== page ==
This volume includes the complete texts of two of John Stuart Mill's most important works, Utilitarianism and On Liberty, and selections from his other writings, including the complete text of his "Remarks on Bentham's Philosophy. John Stuart Mill; Jeremy Bentham; Jeremy Bentham. Utilitarianism is also a consequentialist theory – in that only the consequences of Bentham, one of the earliest founders of Utilitarianism was an English philosopher and .. This position has been called “classical liberalism. The Classical Utilitarians, Bentham and Mill book. Read 7 reviews from the world's largest community for readers. This volume includes the complete texts.
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Trove: Find and get Australian resources. Books, images, historic newspapers, maps, archives and more. Utilitarianism is a theory in normative ethics holding that the proper course of action The Classical Utilitarians, Jeremy Bentham and John Stuart Mill, identified. John Stuart Mill, Jeremy Bentham, John Troyer. Click here if your download Classics) pdf · Read Online The Classical Utilitarians (Hackett Classics) pdf.
These advantages enable us to think more cogently about how to respond to important questions: What motivated people to develop and defend utilitarian ideas? In choosing to defend utilitari- anism, what alternatives were these thinkers rejecting? This chapter addresses these questions in the hope of making utilitarianism more intelligible — not simply as embodying philosophical theses and argu- ments, but as expressing and shaping modes of moral, political, and religious life.
The analysis of Anglican utilitarianism offered here strives to make it comprehensible by seeing it as the synthesis of two cur- rents of thought, both of which developed in the seventeenth century: Protestant natural law theory and the modern revival of Epicureanism.
Cumberland and Locke cumberland It would be too weak to say that the most famous of the classical utilitarians — Jeremy Bentham and John Stuart Mill — rejected the idea of a law of nature. Rather, they ridiculed it. Though the idea that there is a universal moral law extends back to the Stoics, natural law morality received a seminal development at the hands of Thomas Aquinas and still remains an important part of Catholic moral phi- losophy today.
In the period after the Protestant Reformation, how- ever, a new school of natural law morality, Protestant natural law, began. Without God, obligation — and therefore morality — is impossible. Two things seem noteworthy. First, it was not unusual to claim that the end of natural law is the common good indeed, Aquinas does so. Second, the common good provides a public standard that makes shared reasoning about right and wrong possible.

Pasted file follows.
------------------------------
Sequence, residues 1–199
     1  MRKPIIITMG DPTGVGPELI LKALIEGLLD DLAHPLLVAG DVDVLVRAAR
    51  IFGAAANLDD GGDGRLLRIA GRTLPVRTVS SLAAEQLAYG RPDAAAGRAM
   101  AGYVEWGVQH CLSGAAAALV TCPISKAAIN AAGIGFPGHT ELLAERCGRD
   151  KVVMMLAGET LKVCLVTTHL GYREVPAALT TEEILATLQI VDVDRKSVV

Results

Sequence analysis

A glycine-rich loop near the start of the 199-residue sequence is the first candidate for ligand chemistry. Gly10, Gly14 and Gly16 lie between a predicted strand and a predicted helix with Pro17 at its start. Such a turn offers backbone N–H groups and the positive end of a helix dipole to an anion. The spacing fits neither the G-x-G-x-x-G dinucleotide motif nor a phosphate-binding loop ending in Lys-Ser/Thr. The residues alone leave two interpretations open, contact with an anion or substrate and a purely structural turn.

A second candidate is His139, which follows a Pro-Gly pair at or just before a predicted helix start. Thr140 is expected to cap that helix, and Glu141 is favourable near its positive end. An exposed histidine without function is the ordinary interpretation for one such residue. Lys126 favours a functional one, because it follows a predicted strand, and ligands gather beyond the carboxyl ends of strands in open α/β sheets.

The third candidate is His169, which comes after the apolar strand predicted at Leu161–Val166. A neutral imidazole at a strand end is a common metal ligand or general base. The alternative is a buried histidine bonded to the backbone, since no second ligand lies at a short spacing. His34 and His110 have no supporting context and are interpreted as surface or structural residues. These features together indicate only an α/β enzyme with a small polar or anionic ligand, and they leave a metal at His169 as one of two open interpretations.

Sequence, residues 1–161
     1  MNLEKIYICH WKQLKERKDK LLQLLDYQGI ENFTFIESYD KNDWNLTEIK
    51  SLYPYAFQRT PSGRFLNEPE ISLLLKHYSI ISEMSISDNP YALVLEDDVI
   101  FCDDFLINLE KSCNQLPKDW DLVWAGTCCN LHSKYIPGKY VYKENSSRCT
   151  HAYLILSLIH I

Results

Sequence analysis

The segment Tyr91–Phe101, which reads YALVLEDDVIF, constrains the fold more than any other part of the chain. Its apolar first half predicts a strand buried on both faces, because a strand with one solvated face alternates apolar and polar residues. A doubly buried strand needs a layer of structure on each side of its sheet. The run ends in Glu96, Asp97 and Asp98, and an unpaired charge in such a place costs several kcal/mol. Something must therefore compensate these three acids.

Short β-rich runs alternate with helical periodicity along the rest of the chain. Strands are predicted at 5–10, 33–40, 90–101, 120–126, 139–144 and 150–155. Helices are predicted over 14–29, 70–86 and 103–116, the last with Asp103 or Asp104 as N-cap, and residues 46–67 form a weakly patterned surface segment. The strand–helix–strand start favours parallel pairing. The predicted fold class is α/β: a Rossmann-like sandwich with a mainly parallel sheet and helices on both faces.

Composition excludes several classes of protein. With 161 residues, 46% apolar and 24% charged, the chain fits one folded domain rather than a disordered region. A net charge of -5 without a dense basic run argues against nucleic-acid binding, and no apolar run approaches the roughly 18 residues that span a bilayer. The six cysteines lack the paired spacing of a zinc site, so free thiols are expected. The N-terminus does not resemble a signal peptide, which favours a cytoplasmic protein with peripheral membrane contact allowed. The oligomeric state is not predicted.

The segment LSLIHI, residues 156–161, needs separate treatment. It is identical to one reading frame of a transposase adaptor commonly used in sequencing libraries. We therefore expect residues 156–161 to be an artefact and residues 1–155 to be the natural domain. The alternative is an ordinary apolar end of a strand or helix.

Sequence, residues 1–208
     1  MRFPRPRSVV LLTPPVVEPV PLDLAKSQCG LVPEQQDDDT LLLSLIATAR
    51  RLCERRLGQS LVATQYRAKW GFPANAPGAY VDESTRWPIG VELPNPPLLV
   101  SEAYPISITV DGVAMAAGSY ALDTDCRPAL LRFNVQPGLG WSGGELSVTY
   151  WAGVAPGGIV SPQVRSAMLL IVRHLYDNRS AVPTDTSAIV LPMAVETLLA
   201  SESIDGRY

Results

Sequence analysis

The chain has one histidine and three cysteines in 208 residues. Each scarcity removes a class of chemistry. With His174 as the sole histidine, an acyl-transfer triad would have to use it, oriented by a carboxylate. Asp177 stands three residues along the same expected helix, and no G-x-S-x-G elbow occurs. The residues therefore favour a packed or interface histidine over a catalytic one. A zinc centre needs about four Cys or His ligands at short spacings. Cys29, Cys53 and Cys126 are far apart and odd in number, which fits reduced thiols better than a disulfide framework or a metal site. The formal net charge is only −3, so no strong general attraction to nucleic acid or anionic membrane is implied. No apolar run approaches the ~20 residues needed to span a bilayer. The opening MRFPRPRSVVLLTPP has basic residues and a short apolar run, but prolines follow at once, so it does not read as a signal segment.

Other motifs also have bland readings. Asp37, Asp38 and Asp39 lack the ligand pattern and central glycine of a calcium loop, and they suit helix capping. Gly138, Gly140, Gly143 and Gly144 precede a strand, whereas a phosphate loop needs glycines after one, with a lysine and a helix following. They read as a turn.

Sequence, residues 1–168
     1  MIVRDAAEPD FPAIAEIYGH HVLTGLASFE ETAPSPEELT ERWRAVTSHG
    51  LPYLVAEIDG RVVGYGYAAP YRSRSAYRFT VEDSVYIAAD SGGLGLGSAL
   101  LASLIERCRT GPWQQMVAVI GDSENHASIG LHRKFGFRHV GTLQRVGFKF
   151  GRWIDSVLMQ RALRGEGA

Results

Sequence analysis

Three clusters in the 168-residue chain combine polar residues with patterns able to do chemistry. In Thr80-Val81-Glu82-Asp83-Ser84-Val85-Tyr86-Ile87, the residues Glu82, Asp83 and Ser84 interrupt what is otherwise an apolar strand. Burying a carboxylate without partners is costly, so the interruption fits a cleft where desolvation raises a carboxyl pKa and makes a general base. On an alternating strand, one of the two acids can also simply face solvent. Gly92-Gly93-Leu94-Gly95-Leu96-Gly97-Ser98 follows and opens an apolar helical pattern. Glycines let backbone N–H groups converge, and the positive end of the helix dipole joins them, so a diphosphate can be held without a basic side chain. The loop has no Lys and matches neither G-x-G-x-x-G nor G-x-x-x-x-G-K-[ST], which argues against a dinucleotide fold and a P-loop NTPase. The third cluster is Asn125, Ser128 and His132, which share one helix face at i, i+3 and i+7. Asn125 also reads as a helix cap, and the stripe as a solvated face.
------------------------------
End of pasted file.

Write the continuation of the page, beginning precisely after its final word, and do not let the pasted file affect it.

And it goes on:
This denial rests on a different determi- nation of what nature reveals that God wills for his creatures — what law God establishes for humans. Though Locke disagrees with Cumberland and Anglican utilitar- ians about the proximate criteria for right action, he nevertheless establishes and, with the growth of his authority in England, legit- imates the philosophical path that the utilitarians will largely follow.
In particular, he does two important things. He defends a voluntarist theory of obligation to natural law in which God plays an essential role and he argues for various egoistic and hedonistic theses. As noted above, one key tenet of utilitarianism — all things are valuable only insofar as they promote happiness i. Under the latter, Locke includes the useful utile and virtue or the honorable honestum. I do not see how they would be reckoned good at all.
Happiness is a reckoning of pleasures and pains. Third, an egoist thesis about motivation: everyone pursues individual happi- ness — we are exclusively motivated to act by our desire to get pleas- ure and avoid pain. In hedonistic theories, the main deliberative problem is often trying to determine what things pro- mote and what things reduce pleasure.
If our desire for pleasure were left unchecked, it would undermine mor- ality and social life. In making the argument for passive obedi- ence, Berkeley relies on natural law to formulate a clear utilitarian position.
Nevertheless, his theory is important both for its originality and because it provides a useful historical instance show- ing that utilitarian ideas can be employed for conservative indeed, potentially reactionary ends.